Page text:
Bitcoin can be manipulated by any entity amassing a majority of 51% of Bitcoin mining power, enabling them to augment the fixed maximum quantity of Bitcoins, which is capped at 21 million - a cornerstone of many arguments for why it may preserve its value better than fiat currencies.​ Considering that approximately 79% of Bitcoin mining is reportedly based in China, and that Chinese entities hold significant Bitcoin holdings, there exists a non-negligible risk that Chinese authorities could assert control over the cryptocurrency. Government intervention presents a substantial threat to Bitcoin and other digital currencies. Regulators express concerns about cryptocurrencies facilitating illicit activities, their substantial energy consumption for mining, and their potential to trigger systemic issues as individuals accumulate debt to invest in them. For instance, the South Korean government contemplated banning Bitcoin trading, raising concerns given the country's prominent role as a cryptocurrency marketplace before retracting the proposal.

The potential for systemic issues extends beyond individuals using credit cards to purchase Bitcoins. At current market prices, the value of Bitcoins in circulation approximates USD 170 billion, equivalent to 4.2% of the US monetary base, 2.1% of global gold stocks, and 0.8% of the global monetary base. We estimate that Bitcoin mining has contributed to as much as 11% of the expansion in the global money supply. It is noteworthy that, among other objectives, cryptocurrencies are designed to guard against seigniorage - the government's ability to debase their currencies. Authorities are likely to resist any efforts to undermine this power.

A Rollercoaster-Like Investment

If cryptocurrencies are not genuine currencies, then what precisely are they? For a time, their surging valuations, when denominated in traditional currency terms, painted them as remarkable investments. Bitcoin, for example, began 2017 at USD 985, quadrupling by August and then quadrupling again by the start of December, reaching a peak of over USD 19,000. However, as swiftly as these gains materialized, they have since receded, with Bitcoin currently trading at just under USD 10,000. It is imperative to recognize that Bitcoin, apart from investor enthusiasm, lacks any tangible assets to underpin its value. Therefore, there is no reason to rule out the possibility of valuations returning to their levels from early 2017. As investments, cryptocurrencies have exhibited the capacity to yield spectacular returns, but they have also been associated with equally remarkable losses.

Investing in Bitcoin is a pursuit for those who can tolerate risk, as it exhibits an annualized volatility of 90% - a white-knuckle ride, albeit not without precedent. To provide context, during the inflationary surge of 1979-80, gold displayed an annualized volatility of approximately 70%. However, digital currencies lack the historical track record of gold. The duration of their ability to retain investor confidence remains uncertain. Moreover, Bitcoin, unlike physical assets, is susceptible to hacking, theft of digital wallets, and technical glitches that can obliterate Bitcoin holdings.​ Above all, investors should exercise caution due to the recent frenzy surrounding cryptocurrencies. This exuberance serves as a prominent indicator that the market may be in the midst of a bubble, mirrored by Bitcoin's price trajectory. Could Bitcoin's value ascend further? Certainly. However, if it is indeed a bubble, its closest historical parallel may be the Dutch Tulip Mania of the first half of the 17th century.​ Bitcoin appears particularly appealing to those without recollections of the dot-com bubble - millennials. A recent survey revealed that while 2% of Americans own Bitcoin, this proportion doubles among those born between the early 1980s and early 1990s.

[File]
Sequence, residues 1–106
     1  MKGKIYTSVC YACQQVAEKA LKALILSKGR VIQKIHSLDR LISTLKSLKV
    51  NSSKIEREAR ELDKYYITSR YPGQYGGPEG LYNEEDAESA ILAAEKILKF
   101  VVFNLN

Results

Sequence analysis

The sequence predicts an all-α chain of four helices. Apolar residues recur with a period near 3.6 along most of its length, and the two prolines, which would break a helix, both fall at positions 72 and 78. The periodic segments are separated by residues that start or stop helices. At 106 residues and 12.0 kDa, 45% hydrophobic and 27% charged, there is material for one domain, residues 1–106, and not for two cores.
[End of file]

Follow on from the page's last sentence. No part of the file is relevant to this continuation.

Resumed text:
Cryptocurrency: Gateway to the Future

Given the prevailing skepticism surrounding Bitcoin's credentials as both a currency and an investment, one may question why it merits any attention at all. The answer lies in the fact that Bitcoin is a catalyst for the advancement of an underlying technology - distributed ledger systems, commonly known as blockchain. These distributed ledgers serve as mechanisms to ensure that no single authority exerts control over transaction information; instead, they provide a shared and continuously updated database across a network. For an extended period, Bitcoin and blockchain were synonymous in the minds of many. However, while Bitcoin relies on blockchain for transaction verification, blockchain can be applied to a multitude of units of account.

The landscape of cryptocurrencies and blockchain technology has witnessed exponential growth and increasing complexity since our initial exploration in 2017. The digital asset ecosystem has expanded rapidly, accompanied by substantial price appreciation for cryptocurrencies, extensive media coverage (including Twitter), and differing viewpoints from high-profile investors. The paramount question on the minds of our clients pertains to whether cryptocurrencies constitute a legitimate asset class and, consequently, merit inclusion in their investment portfolios.​ The aim of this report is to provide our clients with a comprehensive, balanced, and objective evaluation of the digital asset ecosystem. This endeavor was by no means straightforward. The technology underpinning blockchain is revolutionary, intricate, and perpetually evolving. The industry is rife with new terminologies, and misinformation and disinformation are prevalent. The digital asset ecosystem is still in its infancy, with Bitcoin, the inaugural cryptocurrency, being launched in 2009. Additionally, the roles of cryptocurrencies are often conflated with those of blockchain technology, making it challenging to discern genuine signals amid the noise. The cacophony often drowns out the crucial question of how blockchain technology contributes to economic growth and the creation of value.